Court has emphasized that “[f]actual allegations must be enough to raise a right to relief above
the speculative level,” id., and that “once a claim has been stated adequately, it may be supported
by showing any set of facts consistent with the allegations in the complaint,” id. at 563. A
plaintiff must allege “only enough facts to state a claim to relief that is plausible on its face.” Id.
at 570. But if a plaintiff has “not nudged [his or her] claims across the line from conceivable to
plausible, the[ ] complaint must be dismissed.” Id.; see also Ashcroft v. Iqbal, 556 U.S. 662, 679
(2009) (“Determining whether a complaint states a plausible claim for relief will . . . be a
context-specific task that requires the reviewing court to draw on its judicial experience and
common sense. But where the well-pleaded facts do not permit the court to infer more than the
mere possibility of misconduct, the complaint has alleged—but it has not ‘show[n]’—‘that the
pleader is entitled to relief.’” (alteration in original) (citation omitted) (quoting Fed. R. Civ. P.
In considering Defendant’s Motion to Dismiss, the Court is required to consider as true
the factual allegations contained in the Complaint. See Ruotolo v. City of New York, 514 F.3d
184, 188 (2d Cir. 2008) (“We review de novo a district court’s dismissal of a complaint pursuant
to Rule 12(b)(6), accepting all factual allegations in the complaint and drawing all reasonable
inferences in the plaintiff’s favor.” (italics and internal quotation marks omitted)); Gonzalez v.
Caballero, 572 F. Supp. 2d 463, 466 (S.D.N.Y. 2008) (same). Generally, “[i]n adjudicating a
Rule 12(b)(6) motion, a district court must confine its consideration to facts stated on the face of
the complaint, in documents appended to the complaint or incorporated in the complaint by
reference, and to matters of which judicial notice may be taken.” Leonard F. v. Isr. Disc. Bank
of N.Y., 199 F.3d 99, 107 (2d Cir. 1999) (internal quotation marks omitted). In deciding a
motion to dismiss a pro se complaint, however, it is appropriate to consider “materials outside
the complaint to the extent that they are consistent with the allegations in the complaint,”
Alsaifullah v. Furco, No. 12-CV-2907, 2013 WL 3972514, at *4 n.3 (S.D.N.Y. Aug. 2, 2013)
(internal quotation marks omitted), including “documents that a pro se litigant attaches to his
opposition papers,” Agu v. Rhea, No. 09-CV-4732, 2010 WL 5186839, at *4 n.6 (E.D.N.Y. Dec.
15, 2010); see also Walker v. Schult, 717 F.3d 119, 122 n.1 (2d Cir. 2013) (noting that a court
may consider “factual allegations made by a pro se party in his papers opposing the motion”);
Rodriguez v. Rodriguez, No. 10-CV-891, 2013 WL 4779639, at *1 (S.D.N.Y. July 8, 2013)
(“Although the Court is typically confined to the allegations contained within the four corners of
the complaint, when analyzing the sufficiency of a pro se pleading, a court may consider factual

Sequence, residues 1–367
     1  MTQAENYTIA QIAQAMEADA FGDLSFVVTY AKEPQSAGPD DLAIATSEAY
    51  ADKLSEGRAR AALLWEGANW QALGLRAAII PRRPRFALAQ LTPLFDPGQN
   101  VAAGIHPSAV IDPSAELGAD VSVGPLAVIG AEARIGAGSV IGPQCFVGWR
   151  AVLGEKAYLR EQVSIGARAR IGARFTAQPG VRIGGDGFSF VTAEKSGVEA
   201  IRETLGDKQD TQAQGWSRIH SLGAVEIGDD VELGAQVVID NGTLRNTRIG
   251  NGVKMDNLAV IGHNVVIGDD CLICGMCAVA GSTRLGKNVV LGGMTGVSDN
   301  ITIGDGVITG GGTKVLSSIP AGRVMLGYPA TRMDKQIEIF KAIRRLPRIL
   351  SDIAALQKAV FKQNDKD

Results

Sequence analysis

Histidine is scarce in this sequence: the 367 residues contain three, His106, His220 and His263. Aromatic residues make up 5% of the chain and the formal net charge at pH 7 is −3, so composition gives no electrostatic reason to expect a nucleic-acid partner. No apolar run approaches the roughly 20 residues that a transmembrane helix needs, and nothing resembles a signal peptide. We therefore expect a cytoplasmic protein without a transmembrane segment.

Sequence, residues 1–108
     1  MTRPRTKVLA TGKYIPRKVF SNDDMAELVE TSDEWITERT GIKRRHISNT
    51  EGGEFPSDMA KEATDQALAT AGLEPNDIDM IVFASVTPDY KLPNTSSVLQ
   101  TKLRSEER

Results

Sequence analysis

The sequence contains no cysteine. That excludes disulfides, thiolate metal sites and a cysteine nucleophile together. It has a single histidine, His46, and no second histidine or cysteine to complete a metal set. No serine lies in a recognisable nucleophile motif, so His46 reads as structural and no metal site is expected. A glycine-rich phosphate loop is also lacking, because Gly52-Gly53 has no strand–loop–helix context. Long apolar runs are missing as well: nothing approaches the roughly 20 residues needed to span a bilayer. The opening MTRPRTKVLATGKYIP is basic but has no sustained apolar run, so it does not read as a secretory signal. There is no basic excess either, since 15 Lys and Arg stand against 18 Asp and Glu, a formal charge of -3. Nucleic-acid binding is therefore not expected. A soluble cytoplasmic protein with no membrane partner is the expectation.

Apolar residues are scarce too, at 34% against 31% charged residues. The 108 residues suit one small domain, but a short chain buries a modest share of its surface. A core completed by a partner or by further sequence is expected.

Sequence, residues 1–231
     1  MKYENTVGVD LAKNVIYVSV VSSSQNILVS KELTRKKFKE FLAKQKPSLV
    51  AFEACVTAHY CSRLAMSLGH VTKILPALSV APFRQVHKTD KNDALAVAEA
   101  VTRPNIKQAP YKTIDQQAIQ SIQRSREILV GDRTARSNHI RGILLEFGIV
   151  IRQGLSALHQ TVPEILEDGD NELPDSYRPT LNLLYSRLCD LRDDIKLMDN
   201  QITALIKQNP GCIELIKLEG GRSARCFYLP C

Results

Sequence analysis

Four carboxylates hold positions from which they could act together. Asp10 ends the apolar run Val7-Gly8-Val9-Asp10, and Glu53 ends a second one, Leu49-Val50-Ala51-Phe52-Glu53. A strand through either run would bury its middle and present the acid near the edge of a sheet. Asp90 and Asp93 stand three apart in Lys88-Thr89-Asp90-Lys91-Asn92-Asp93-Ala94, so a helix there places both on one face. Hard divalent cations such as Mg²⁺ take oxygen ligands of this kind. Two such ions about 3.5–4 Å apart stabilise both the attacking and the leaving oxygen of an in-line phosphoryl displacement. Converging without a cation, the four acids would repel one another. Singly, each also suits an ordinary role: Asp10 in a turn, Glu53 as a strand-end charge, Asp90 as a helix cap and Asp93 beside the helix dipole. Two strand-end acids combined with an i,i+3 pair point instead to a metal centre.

allegations contained in a pro se litigant’s opposition papers and other court filings.”) (citations
and internal quotation marks omitted).
Although “[t]he lapse of a limitations period is an affirmative defense that a defendant
must plead and prove[,]” a statute of limitations defense may be “raise[d] . . . in a Rule 12(b)(6)
motion if the defense appears on the face of the complaint.” Staehr v. Hartford Fin. Servs. Grp.,
Inc., 547 F.3d 406, 425 (2d Cir. 2008) (internal quotation marks omitted); see also Vasconcellos
v. City of New York, No. 12-CV-8445, 2014 WL 4961441, at *2 (S.D.N.Y. Oct. 2, 2014) (same);
Mosdos Chofetz Chaim, Inc. v. RBS Citizens, N.A., 14 F. Supp.3d 191, 210 (S.D.N.Y. 2014)
(“[B]ecause the defendants bear the burden of establishing the expiration of the statute of
limitations as an affirmative defense, a pre-answer motion to dismiss on this ground may be
granted only if it is clear on the face of the complaint that the statute of limitations has run.”
(internal quotation marks omitted)); cf. Wang v. Palmisano, No. 13-CV-2186, 2014 WL
5011099, at *11–12 (S.D.N.Y. Sept. 30, 2014) (refusing to dismiss several employment claims
under state and federal law as untimely pursuant to Rule 12(b)(6) because of two uncertainties on
the face of the complaint as to when the claims accrued).
As noted, Defendant’s sole basis for seeking dismissal of the Action is that Plaintiff’s
Amended Complaint is time barred. Because § 1983 does not provide for a specific statute of
limitations, courts apply the statute of limitations for personal injury actions under state law. See
Hogan v. Fisher, 738 F.3d 509, 517 (2d Cir. 2013); Shomo v. City of New York, 579 F.3d 176,
181 (2d Cir. 2009) (same); Vasconcellos, 2014 WL 4961441, at *4 (same). Under New York
law, the statute of limitations for personal injury claims is three years. See N.Y. C.P.L.R.
§ 214(5). “Section 1983 actions filed in New York are therefore subject to a three-year statute of
limitations,” Hogan, 738 F.3d at 517, that begins to accrue “when the plaintiff knows or has
reason to know of the harm,” Shomo, 579 F.3d at 181 (internal quotation marks omitted).
Here, Plaintiff alleges that Defendant pushed him down the stairs and threatened him on
September 5, 2010. (Am. Compl. 2.) Accordingly, Plaintiff had until September 5, 2013 to file
his suit. Although Plaintiff filed the original Complaint on August 22, 2013, two weeks before
the expiration of the statute of limitations, he listed “Correctional Officer John Doe” as the
defendant. Plaintiff did not identify Deacon by name until he filed the Amended Complaint on
November 22, 2013. Defendant contends, therefore, that because “Deacon was not named as a